Earlier this year, I spent a few days with my with my fellow communications strategists in Manhattan’s revitalized Seaport neighborhood at the sold-out 2018 4A’s StratFest. As always, it was an almost overwhelming smorgasbord of ideas, philosophies, tools and tricks from some of the most inquisitive minds in the world. Here are some of the major themes I carried home.

Our divided country is very much on our minds.

Nobody mentioned Trump’s name during the conference, but it was clear that many of us are trying to figure out how to deal with the divisiveness he’s fostered in our country. Grey Advertising undertook a proprietary study titled “The Famously Effective Business of Togetherness.” They found that, while there’s no one-size-fits-all solution for marketers, 88% of people agree that “we must unite and come together” — and that ultimately, action matters as much as talk. In addition, 46% said that advertisers that truly care about togetherness should make financial donations to support the cause. Also, Grey has begun adding this question to every creative brief they write: “How can we make the idea reflect and respect the world’s diversity?”

Jay Chiat Award judges love entries that do more than sell.

Look at some of the brands that won big this year: Harpic, a toilet bowl cleaner, for making Indian women safer from attack and rape. Harry’s Razors, for taking on a growing global male mental health crisis. The Afghanistan Ministry of Public Health, for creating a new way for doctors to communicate with each other in the absence of proper hospital records. The National Safety Council, for jump-starting a national conversation about the overlooked role of prescription opioids in our country’s opioid epidemic. Not every winner tackled such massive issues — but judges clearly responded very favorably to brands that aimed to not just move product but move society forward.

Everything takes a backseat to storytelling.

In presenting their Jay Chiat Award-winning case studies, many of the strategists behind the entries basically glossed over what they referred to as the “plannery” stuff: focus groups, desk research, surveys, audience identification. They didn’t treat those things with derision or suggest they were unimportant — clearly, they were important to the outcome. But in terms of moving the room to laughter or tears or anger or empathy or whatever it was they wanted us to feel, none of it was as important as telling a powerful story anchored by statistics and insight. Every three minutes a child is diagnosed with cancer…but there are no resources that explain cancer in a way kids can understand. Prescription opioids kill 22,000 in the U.S. every year…but Americans think it is killing “addicts,” not people like them. Half a billion Indians still defecate in the open…but they would be more likely to use toilets if they saw them as a status symbol.

Old dogs can learn new tricks.

One of the most powerful workshops I attended was led by a former strategy chief (full transparency: he was once my employer) turned independent consultant who has embraced magical thinking as a strategy tool. Which is not to say he’s turned his back on rationale and logic — just that he’s found new inspiration, both professional and personal, in magic and intuition and other weird and unexplainable things. In unveiling his patented Nockwood Cards (think brand tarot), he took us on a journey that demonstrated extraordinary vulnerability, intellectual rigor and generosity of spirit. It was a great reminder to never stop learning — not just intellectually but also emotionally.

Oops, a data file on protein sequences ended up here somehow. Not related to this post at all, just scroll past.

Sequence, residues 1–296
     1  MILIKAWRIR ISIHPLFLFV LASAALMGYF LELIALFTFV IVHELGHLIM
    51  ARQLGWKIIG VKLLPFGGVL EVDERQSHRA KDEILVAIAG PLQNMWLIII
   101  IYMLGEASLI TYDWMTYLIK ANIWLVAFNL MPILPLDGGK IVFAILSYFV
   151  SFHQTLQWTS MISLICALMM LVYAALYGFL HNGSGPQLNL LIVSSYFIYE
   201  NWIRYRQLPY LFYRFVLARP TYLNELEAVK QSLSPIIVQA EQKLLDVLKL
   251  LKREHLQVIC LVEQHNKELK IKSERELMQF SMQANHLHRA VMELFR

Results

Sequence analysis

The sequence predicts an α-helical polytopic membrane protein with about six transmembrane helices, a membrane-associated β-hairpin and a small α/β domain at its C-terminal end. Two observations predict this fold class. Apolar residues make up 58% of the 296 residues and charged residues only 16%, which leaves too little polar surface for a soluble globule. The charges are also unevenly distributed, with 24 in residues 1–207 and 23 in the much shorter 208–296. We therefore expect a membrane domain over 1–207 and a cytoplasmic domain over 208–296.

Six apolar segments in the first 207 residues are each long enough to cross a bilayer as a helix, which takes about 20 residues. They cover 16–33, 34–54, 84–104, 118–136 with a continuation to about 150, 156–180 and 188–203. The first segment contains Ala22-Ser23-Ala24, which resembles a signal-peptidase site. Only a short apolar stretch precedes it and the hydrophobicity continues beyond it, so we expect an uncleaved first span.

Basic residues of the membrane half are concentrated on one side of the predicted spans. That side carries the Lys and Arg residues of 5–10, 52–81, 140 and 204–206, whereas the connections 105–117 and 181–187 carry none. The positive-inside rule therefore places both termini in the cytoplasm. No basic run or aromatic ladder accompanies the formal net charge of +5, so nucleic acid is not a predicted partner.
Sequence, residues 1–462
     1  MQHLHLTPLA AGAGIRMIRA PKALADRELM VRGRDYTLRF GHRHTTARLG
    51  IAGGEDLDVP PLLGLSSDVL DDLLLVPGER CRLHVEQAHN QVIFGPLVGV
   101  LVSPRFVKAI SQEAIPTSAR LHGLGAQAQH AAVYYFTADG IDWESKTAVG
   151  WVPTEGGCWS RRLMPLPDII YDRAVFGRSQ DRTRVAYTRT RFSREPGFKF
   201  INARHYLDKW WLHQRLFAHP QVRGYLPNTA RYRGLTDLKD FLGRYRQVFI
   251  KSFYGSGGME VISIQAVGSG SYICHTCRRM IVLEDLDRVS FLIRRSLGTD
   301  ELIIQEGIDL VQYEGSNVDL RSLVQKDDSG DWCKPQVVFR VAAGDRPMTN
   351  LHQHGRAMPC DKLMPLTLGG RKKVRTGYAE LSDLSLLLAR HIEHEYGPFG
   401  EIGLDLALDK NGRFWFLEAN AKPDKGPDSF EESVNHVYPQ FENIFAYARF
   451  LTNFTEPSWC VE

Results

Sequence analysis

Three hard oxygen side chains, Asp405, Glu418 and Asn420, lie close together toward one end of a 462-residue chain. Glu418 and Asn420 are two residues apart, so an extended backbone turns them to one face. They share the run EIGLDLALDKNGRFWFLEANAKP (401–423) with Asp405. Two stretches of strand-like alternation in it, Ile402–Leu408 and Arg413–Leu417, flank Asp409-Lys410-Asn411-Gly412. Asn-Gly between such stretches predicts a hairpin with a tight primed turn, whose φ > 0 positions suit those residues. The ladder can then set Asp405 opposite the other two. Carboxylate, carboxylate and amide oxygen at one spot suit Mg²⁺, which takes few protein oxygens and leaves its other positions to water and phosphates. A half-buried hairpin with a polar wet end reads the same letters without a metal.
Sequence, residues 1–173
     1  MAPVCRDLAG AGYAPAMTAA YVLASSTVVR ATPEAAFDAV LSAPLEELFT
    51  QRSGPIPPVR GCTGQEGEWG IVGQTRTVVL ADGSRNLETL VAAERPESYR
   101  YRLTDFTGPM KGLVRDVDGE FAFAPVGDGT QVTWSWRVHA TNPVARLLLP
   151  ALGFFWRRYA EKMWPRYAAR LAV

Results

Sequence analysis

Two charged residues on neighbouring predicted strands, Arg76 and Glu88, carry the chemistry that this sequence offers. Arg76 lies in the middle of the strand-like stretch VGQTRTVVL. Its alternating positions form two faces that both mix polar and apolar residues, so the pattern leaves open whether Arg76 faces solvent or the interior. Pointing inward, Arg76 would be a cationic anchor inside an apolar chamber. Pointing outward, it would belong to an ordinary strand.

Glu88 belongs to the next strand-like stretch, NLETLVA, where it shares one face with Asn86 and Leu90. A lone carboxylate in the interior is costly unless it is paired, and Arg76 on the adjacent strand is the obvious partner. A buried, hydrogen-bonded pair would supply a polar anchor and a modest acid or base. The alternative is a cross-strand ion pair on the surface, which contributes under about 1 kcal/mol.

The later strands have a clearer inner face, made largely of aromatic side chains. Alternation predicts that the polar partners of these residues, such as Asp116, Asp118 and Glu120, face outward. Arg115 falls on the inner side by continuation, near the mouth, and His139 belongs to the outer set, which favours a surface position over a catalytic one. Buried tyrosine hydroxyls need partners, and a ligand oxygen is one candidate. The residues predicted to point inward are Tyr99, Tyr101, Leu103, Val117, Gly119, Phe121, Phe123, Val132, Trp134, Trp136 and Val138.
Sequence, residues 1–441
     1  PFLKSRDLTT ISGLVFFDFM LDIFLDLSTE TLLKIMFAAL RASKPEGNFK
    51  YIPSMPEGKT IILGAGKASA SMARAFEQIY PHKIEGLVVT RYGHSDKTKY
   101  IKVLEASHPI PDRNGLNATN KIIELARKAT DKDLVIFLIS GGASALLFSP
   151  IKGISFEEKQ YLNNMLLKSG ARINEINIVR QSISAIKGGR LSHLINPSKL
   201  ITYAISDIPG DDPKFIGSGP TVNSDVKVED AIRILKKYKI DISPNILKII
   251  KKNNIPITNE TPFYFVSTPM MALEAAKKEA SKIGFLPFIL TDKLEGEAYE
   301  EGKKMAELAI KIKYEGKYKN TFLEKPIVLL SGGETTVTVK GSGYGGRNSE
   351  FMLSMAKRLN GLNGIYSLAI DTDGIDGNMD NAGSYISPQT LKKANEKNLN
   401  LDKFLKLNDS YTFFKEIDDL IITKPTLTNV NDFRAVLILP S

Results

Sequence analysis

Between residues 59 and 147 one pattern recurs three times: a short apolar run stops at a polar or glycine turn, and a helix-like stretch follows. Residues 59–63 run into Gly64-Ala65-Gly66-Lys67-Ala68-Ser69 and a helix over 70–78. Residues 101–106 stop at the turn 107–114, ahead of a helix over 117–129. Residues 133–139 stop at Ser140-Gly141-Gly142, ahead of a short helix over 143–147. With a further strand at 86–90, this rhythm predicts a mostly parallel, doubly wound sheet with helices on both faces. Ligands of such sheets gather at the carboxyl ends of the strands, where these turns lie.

The more things change, the more they stay the same.

Some things never change. We still debate what our titles should be, and why. We parse strategy and planning: “Strategy is about power, and the use of resources; planning is an art that inspires art.” We continue to wonder if we’re still relevant, or if we do enough, or if we’ll survive technology. The answer is we (probably) will. As powerful as artificial intelligence is, humans are still better at emotion, creativity, and insights. As the Director of the MIT Center for Cognitive Neuroscience told us, “Electronic media aren’t going to revamp the brain’s mechanisms for info processing. Claims to the contrary are propelled by the pressure on pundits to announce that technology changes everything.” Our human decision-making process is 100,000 years old, and technology has not fundamentally altered the way we think. The most compelling value proposition is still an emotional benefit that feeds people’s self-concept of who they aspire to be. So, even though the tools and technologies are changing, our essential job remains very much the same — and very much important.

So, what does this all mean? What’s the future of communications strategy? I don’t exactly know. I don’t know that anybody does. But I can tell you with great confidence that the field will remain populated by some of the most curious, empathetic people alive. The type of people Kerouac described as “the mad ones…the ones who are mad to live, mad to talk, mad to be saved, desirous of everything at the same time, the ones who never yawn or say a commonplace thing, but burn, burn, burn like fabulous yellow roman candles exploding like spiders across the stars and in the middle you see the blue centerlight pop and everybody goes ‘Awww!’” With every passing year, we mad ones will have a bevy of new tricks and tools at our disposal. But our most important and powerful assets will be a soul-deep need to know the inner workings of the human heart, and an ability to move our better angels to action.

This article originally appeared on CJ’s LinkedIn page.